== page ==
8. Elimination of vitamin A deficiency
9. Encouragement of women to breast feed their
children exclusively
10. Growth promotion and monitoring
11. Eradication of poliomyelitis
12. Elimination of neonatal tetanus
13. Reduction of measles death
Infant and child priorities
(UNICEF) cont.
14. Maintenance of a high level of immunization
coverage.
15. Reduction of deathes due to diarrheal diseases
16. Reduction of deaths due to ARIs
17. Increased acquisition of knowledge, skills and
values required for better living by all families.
What can be done to
improve child health?
Child Health Service (Program)
The MCH center provides child care that starts
before birth and continues through out
childhood.

Functions of MCH centers for child care:


 Maternal care (prenatal and natal)

 Neonatal care

 Adequate nutrition of infants and children

 Health appraisal (assessment)


 Prevention and control of communicable diseases
including immunization.
 Clinical (curative services)

 Social services.
The Integrated Management of
Childhood Illness (IMCI)
 IMCI is a broad strategy to improve child health outcomes
developed by WHO and UNICEF. IMCI encompasses
interventions at home, in the community and in the health
system. The aims are to reduce childhood deaths, illnesses,
and disability and to improve children's growth and
development, with a particular focus on the poorest and
most disadvantaged children. IMCI has three main
components:
 Improve family and community practices related to child
health and nutrition;
 Improve the health system for effective management of
childhood illness;
 Improve health workers' skills.
Improve family and community practices
related to child health and nutrition;

 Counseling on child feeding including


 exclusive breast feeding

 Adequate amount of micronutrient or supplementation

 Complete full course of immunization for children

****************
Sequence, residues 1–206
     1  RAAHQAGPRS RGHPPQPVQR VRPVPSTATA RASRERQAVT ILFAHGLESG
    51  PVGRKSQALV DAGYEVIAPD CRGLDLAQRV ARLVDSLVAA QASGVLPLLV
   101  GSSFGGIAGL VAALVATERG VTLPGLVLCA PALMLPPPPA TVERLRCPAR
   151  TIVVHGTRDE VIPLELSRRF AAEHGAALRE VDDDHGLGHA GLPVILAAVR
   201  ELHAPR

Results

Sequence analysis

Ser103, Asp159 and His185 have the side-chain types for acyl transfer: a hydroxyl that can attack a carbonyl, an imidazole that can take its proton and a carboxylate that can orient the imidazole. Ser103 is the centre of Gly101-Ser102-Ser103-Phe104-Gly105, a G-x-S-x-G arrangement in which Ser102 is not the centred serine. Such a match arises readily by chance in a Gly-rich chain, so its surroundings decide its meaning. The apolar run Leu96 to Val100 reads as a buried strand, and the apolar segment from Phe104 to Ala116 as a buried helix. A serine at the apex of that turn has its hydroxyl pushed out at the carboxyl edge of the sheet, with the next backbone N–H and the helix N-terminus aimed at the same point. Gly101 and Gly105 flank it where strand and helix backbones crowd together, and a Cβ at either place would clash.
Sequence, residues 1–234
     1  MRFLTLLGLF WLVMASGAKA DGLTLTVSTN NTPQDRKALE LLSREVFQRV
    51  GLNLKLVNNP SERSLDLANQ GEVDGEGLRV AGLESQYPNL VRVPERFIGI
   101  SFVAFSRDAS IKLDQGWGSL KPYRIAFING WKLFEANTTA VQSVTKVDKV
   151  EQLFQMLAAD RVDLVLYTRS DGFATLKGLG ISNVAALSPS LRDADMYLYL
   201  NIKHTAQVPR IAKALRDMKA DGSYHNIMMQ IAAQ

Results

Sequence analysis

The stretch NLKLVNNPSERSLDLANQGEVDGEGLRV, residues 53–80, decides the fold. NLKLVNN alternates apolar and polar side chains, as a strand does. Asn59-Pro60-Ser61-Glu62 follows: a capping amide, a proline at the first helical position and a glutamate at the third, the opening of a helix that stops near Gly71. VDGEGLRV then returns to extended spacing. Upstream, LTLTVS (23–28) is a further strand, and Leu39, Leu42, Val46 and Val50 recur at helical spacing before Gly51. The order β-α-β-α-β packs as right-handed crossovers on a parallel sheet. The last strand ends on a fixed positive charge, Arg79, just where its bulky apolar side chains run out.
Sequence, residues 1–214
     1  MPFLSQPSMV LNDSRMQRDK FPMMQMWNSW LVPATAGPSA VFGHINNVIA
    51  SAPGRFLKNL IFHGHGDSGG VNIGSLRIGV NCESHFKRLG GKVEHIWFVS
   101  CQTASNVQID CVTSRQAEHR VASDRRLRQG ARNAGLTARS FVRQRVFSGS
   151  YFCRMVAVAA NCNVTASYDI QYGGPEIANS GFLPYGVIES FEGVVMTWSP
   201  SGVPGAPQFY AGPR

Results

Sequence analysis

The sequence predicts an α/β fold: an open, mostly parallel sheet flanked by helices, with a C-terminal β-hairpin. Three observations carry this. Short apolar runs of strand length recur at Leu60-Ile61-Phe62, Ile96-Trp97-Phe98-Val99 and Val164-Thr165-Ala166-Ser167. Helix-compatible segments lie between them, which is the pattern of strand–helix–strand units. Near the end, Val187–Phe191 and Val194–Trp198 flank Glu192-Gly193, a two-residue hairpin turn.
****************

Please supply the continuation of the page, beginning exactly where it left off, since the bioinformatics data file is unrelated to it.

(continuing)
 Promote safe disposal of waste and hand washing before
preparing meals and feeding children
 Provide adequate care to sick children
 Promote mental and social development by responding to
children's needs for care,
 Provide adequate prenatal care to every pregnant woman
Improve the health system for effective
management of childhood illness;

 Ensure drugs and supplies for treating major


childhood illnesses are available in health
facilities
 Improve quality of care provided at health
facilities and organization of work
 Improve referral pathways
 Identify and develop methods for sustainable
financing and equity of access
Improve health workers' skills.

 Develop and adapt case management


guidelines and standards for major childhood
illnesses in the country
 Train health providers at first level health
facilities and referral level in standard case
management
 Improve and maintain health workers'
performance through follow-up after training
and periodic supervision
 A combination of integrated curative and
preventive interventions is required to address
the immediate and underlying determinants of
child health. Maternal determinants and risk
factors associated with pregnancy and
childbirth are especially important.
 Simple, cost-effective interventions delivered
at the community level can save most newborn
and children lives in developing countries.
To summarize
Optimum child health is achieved through:
 Adequate maternal care

 Periodic follow up of the “healthy child”

 Breast feeding and proper child nutrition

 Immunization

 Early detection and proper management

 A sanitary and safe environment

 Health education of parents.


Thank You

THANK YOU